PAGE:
DENVER -- Jack Phillips, the owner of Masterpiece Cakeshop who won a landmark Supreme Court decision after refusing to make a wedding cake for a same-sex couple, has sued Colorado Gov. John Hickenlooper and the Colorado Civil Rights Commission, claiming the state has renewed its religious persecution against him.
In a lawsuit filed Tuesday night in Denver U.S. District Court, Phillips' attorneys allege the state has renewed its religious persecution by investigating the Lakewood baker despite the U.S. Supreme Court ruling.
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The court ruled in June that Phillips did not violate the state's anti-discrimination law for refusing to make the wedding cake for Charlie Craig and David Mullins in 2012.
In 2014, the Colorado Civil Rights Commission ruled that Phillips' refusal was discriminatory.
Phillips appealed and the case made its way through appeals courts for several years until a hearing in front of the nine Supreme Court justices in December.
"The commission's hostility was inconsistent with the First Amendment's guarantee that our laws be applied in a manner that is neutral toward religion," Justice Anthony Kennedy wrote in the 7-2 ruling in June.
According to the new lawsuit, on the same day as the Supreme Court decision, an attorney asked Phillips to create a cake designed pink on the inside and blue on the outside as a way to celebrate a gender transition from male to female.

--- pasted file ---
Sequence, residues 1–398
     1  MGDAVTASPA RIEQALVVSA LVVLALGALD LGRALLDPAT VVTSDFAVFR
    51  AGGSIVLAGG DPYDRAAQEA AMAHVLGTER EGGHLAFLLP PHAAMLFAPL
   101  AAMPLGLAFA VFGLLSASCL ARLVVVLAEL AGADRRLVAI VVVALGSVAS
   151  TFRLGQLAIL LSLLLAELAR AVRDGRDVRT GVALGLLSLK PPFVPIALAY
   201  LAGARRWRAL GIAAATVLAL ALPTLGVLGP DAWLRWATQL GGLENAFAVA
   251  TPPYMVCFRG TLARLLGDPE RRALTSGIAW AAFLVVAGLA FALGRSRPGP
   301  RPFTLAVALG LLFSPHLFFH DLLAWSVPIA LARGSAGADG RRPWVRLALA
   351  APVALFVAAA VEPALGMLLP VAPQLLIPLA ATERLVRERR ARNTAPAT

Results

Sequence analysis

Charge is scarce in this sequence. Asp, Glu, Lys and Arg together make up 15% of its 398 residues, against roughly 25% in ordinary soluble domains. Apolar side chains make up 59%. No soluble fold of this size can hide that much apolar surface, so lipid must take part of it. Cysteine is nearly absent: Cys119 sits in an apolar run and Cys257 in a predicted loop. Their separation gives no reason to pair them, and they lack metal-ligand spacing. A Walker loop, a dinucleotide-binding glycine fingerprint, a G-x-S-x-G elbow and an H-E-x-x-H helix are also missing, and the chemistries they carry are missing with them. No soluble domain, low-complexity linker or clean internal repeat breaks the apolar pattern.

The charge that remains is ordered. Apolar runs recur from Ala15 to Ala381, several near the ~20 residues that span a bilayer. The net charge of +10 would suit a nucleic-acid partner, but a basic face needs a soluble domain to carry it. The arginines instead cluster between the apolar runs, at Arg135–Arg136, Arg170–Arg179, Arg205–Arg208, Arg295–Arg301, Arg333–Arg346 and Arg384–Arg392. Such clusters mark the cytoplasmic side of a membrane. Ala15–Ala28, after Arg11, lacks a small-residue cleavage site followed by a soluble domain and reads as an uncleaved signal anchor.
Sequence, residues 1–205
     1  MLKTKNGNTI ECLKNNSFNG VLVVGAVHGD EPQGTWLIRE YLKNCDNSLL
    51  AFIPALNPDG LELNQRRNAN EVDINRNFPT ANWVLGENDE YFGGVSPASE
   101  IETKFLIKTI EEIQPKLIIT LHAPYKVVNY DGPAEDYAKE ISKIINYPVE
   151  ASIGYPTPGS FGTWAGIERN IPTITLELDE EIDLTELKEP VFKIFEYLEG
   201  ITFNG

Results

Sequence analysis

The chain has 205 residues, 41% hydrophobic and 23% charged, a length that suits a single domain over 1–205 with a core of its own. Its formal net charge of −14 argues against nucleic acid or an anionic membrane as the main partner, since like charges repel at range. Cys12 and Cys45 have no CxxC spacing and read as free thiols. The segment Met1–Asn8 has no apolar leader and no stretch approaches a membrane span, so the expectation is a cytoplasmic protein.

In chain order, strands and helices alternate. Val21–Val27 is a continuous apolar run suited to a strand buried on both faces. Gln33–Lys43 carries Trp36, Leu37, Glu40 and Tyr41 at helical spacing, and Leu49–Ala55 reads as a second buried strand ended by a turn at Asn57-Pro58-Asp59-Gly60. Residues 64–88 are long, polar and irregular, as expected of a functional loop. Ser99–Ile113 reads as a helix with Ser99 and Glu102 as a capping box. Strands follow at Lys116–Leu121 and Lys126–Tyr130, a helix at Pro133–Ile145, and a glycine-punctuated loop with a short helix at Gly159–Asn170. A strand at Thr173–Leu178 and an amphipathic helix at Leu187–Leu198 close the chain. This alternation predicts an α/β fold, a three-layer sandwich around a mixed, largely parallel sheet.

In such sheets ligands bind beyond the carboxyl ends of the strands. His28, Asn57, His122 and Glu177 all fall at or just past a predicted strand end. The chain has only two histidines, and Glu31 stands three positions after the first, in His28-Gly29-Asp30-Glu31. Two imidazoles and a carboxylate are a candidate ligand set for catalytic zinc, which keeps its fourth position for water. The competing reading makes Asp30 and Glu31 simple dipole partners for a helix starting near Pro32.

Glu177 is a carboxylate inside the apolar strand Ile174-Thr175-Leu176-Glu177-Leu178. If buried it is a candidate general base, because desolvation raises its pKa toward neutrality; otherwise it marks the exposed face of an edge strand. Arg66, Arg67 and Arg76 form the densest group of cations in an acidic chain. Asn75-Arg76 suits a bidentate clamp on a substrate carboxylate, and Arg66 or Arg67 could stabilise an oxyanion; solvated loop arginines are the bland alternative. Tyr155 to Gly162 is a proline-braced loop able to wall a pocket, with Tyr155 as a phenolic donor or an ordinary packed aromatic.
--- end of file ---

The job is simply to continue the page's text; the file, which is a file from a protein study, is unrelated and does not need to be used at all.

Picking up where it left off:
Phillips declined the request because the cake would have expressed messages about sex and gender identity that conflict with his religious beliefs, according to Alliance Defending Freedom, which represents Phillips.
Less than a month later, the state found probable cause to believe state law requires Phillips to create the requested gender-transition cake.
"The state of Colorado is ignoring the message of the U.S. Supreme Court by continuing to single out Jack for punishment and to exhibit hostility toward his religious beliefs,” said ADF senior vice president of U.S. Legal Division Kristen Waggoner said.
“Even though Jack serves all customers and simply declines to create custom cakes that express messages or celebrate events in violation of his deeply held beliefs, the government is intent on destroying him -- something the Supreme Court has already told it not to do.
"Neither Jack nor any other creative professionals should be targeted by the government for living consistently with their religious beliefs.”